Format

Send to

Choose Destination
Heart Rhythm. 2004 Sep;1(3):301-8.

Radiofrequency catheter ablation of ventricular tachycardia in children and young adults with congenital heart disease.

Author information

1
Department of Cardiology, Boston Children's Hospital, Harvard Medical School, Boston, Massachusetts, USA.

Abstract

OBJECTIVES:

The aim of this study was to expand data on outcomes for radiofrequency catheter ablation (RFCA) of ventricular tachycardia (VT) in young patients and to identify obstacles to success.

BACKGROUND:

Ablation of VT is performed infrequently in young patients. Published experience has been limited to case reports and small descriptive series.

METHODS:

A retrospective review of 97 consecutive VT ablation procedures involving 62 patients at a single institution from 1990 to 2003 was undertaken. All intention-to-treat procedures were analyzed.

RESULTS:

Mean age was 13.9 +/- 9.4 years. Procedures were categorized according to VT mechanism as follows: idiopathic right ventricle (n = 37); idiopathic left ventricle (n = 24); congenital heart disease (n = 20); or other structural disease (n = 16). Acute success was achieved in 58 (60%) of 97 procedures. Of the 39 failures, 33 were aborted cases due to inability to induce sufficient ectopy for mapping in 12, high-risk location near the His bundle or coronary artery in 11, unstable VT in 7, and anatomic obstacles in 3. Recurrence rate after acutely successful RFCA was 34% (20/58 procedures) at a mean follow-up of 3.8 +/- 2.0 years. Ultimately, long-term success was achieved in 38 (61%) of 62 patients after a mean of 1.6 +/- 0.9 procedures, with the highest success rate (87%) for idiopathic left ventricular tachycardia.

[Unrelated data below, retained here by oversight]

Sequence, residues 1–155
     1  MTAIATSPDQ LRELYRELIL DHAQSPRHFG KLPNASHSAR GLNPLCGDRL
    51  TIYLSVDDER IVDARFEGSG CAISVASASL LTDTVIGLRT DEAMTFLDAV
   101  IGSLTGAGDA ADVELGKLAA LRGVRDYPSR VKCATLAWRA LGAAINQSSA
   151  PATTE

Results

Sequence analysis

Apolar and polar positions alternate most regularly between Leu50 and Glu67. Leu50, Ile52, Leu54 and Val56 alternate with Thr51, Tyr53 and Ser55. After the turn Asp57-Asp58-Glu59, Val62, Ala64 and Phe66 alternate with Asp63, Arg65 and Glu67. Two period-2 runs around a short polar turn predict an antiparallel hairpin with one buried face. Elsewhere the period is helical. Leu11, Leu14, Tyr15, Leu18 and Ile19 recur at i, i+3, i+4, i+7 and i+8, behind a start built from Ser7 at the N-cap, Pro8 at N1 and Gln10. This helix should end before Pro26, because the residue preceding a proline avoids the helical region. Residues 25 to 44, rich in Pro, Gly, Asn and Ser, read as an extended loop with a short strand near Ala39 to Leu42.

CONCLUSIONS:

When analyzed on a strict intention-to-treat basis, a long-term success rate of 61% is observed with ablation of VT in young patients. Inability to induce stable VT for precision mapping and certain high-risk VT locations can be significant obstacles to success.

PMID:
15851174
DOI:
10.1016/j.hrthm.2004.05.009
[Indexed for MEDLINE]

Supplemental Content

Full text links

Icon for Elsevier Science
Loading ...
Support Center